Dîner en Blanc
Dîner en Blanc, Kelowna, July 4, 2013
After much anticipation (not excluding a few “do I really need to do this” moments) the day has arrived. Dîner en Blanc dream-like picnic in Kelowna was happening tonight. The event was conceived almost accidentally by a French (who else) aristocrat entertaining his friends at the Bois de Boulogne forest-like park in the 16th arrondissement in Paris. This popular park is a destination for many Parisians and guests to Monsieur Pasquier party were asked to dress in white to distinguish themselves from other park visitors. Who can party like the French with their joi de vivre? The event was so successful that a repeat party the next year attracted more than 1000 guests in white attire and the rest is history, still in the making.Since the original gathering in 1988 in the Bois de Boulonge, Dîner en Blanc has taken on an international theme and the elegant picnics are now held on every continent from Africa, North America, Asia, Australia, and of course the originating Europe. I must say that I was quite surprised to learn that South America does not have a Dîner en Blanc event yet. I would love to be there when they hold their first one. Now that would be a party.
The event evolved into an organized affair with rules and regulations that must be followed fairly strictly. As annoying as this can be at times, I concede that to achieve the visual impact that makes the elegant picnic what it is, the organizers must demand uniformity or lose the visual effect. Guests must of course dress all in pure white, not off-white, not winter white. It has to be true white, from hat to elegant footwear (no flip flops allowed). If you don’t comply, you may be refused admission. This sounds easy enough but it does not end here. Each guest must also provide all of their picnic accouterments, from white chairs, (yes), white table (aha), white carrying baskets containing white china, silverware, glassware and a three course meal. You must bring a white tablecloth to drape over your table, white candles, a white centerpiece and guests are encouraged to add an “over the top” element to their presentation (white wigs, feather boas, white masks, you name it, it was there). To even attend the dinner one must be “on the list” or be invited by someone who is. You are not on the list? don’t despair: there is tiered system that places you on certain levels of waiting lists with specific release dates to register for the event, space permitted. Since the effect comes from numbers, don’t worry, if you place your name on the waiting list you will get an opportunity to register and participate in the Dîner en Blanc if your city offers it.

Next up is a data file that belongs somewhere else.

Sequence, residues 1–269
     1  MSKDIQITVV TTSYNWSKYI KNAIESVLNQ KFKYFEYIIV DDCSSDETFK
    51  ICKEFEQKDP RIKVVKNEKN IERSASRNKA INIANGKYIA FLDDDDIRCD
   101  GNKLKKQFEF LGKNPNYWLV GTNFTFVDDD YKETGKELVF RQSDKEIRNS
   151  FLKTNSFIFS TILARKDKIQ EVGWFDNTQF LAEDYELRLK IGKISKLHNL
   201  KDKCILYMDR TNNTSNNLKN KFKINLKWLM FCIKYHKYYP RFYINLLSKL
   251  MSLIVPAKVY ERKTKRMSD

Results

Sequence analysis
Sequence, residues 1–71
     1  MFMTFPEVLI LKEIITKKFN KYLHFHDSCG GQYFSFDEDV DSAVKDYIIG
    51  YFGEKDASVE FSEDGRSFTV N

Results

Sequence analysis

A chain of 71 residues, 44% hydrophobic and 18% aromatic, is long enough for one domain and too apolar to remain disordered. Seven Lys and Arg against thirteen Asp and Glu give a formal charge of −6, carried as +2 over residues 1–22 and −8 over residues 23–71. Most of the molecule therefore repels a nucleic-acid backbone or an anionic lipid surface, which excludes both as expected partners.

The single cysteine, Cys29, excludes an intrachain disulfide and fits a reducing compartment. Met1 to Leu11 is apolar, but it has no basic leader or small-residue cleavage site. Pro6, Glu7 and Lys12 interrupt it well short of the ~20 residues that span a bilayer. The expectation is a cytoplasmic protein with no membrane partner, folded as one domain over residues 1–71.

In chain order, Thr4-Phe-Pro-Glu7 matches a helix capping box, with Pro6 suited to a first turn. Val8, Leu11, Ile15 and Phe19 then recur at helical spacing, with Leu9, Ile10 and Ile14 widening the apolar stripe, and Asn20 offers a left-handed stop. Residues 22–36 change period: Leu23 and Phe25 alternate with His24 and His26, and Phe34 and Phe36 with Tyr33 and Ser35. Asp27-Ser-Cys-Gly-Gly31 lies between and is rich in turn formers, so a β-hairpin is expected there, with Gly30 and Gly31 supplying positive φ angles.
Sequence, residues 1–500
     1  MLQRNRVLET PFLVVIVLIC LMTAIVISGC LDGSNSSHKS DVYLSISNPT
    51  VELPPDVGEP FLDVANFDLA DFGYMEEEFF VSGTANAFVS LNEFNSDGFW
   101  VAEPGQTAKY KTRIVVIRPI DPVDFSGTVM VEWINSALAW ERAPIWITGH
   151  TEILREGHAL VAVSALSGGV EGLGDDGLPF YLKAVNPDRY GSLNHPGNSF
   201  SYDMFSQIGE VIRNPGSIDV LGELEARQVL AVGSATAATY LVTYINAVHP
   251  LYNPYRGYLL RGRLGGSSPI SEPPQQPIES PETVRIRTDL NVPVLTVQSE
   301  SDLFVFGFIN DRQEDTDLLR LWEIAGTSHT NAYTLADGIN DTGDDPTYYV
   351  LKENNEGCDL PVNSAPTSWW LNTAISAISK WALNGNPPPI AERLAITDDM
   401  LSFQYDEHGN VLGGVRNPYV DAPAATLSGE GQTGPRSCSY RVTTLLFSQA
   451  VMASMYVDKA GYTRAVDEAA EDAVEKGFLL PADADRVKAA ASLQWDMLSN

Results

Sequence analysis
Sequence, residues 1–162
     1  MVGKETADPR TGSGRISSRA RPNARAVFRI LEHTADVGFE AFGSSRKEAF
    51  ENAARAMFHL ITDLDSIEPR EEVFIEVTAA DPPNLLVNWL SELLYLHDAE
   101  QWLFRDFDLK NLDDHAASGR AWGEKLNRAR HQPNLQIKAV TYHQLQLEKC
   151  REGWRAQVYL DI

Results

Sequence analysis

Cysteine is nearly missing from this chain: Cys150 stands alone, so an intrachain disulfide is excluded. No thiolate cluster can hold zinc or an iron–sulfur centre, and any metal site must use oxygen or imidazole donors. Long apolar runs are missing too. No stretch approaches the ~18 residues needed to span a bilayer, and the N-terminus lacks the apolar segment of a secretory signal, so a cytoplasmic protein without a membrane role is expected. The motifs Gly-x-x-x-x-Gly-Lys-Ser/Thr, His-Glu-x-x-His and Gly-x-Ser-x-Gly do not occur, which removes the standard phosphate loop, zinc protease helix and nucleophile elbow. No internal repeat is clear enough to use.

I was invited to attend the glamourized picnic by my friend Valerie, a fellow blogger of the More than Burnt Toast fame. Val is a good sport and knows how to enjoy the moment and I knew she would be a good partner in the adventure and offset my “do I have to do that” nature:). We met at my house for coffee made in my new and shiny Nesspresso and served in my new checkered McKenzie-Childs cups to discuss the event, plan the menu and divide the responsibility for bringing the required items. Coffee turned into lunch as us foodies talked about everything from food to travel to food photography to cookbooks and dreams about future joint ventures of food and travel. That’s what happens when two foodies get together. At the end of the afternoon a menu was set, list created and off we went to organize ourselves for the upcoming event.
My list included finding and purchasing a white table of specific measurements (28-32 inches), a white tablecloth and white picnic baskets. Val was in charge of finding white chairs, and a centrepiece. In addition each would need white dishes for the dinner, wine and water glasses, cutlery, napkins, and whatever would make a beautiful table setting and be “reasonable” to carry to the picnic site.
Oh, yes, the picnic site. The location of the event is a top secret “undisclosed location” to be revealed to the white clad participants only at the very last moment on the bus taking you there (yes, you read right, on a bus). More on that later.
Finding the table (and chairs) was not as easy as it may sound. Val found a couple of white chairs at a rental company, one of the few that still had some items available. Tables were no where to be found . The few hundred participants descended on every available rental place in town and cleaned out the all things white (“oh, you are with the dinner in white thing, sorry, we are all out”). We should have started earlier. Eventually I found a table that fit the requirements at a Canadian Tire store in Vernon. It came in it’s own carrying case and apparently was easy to assemble.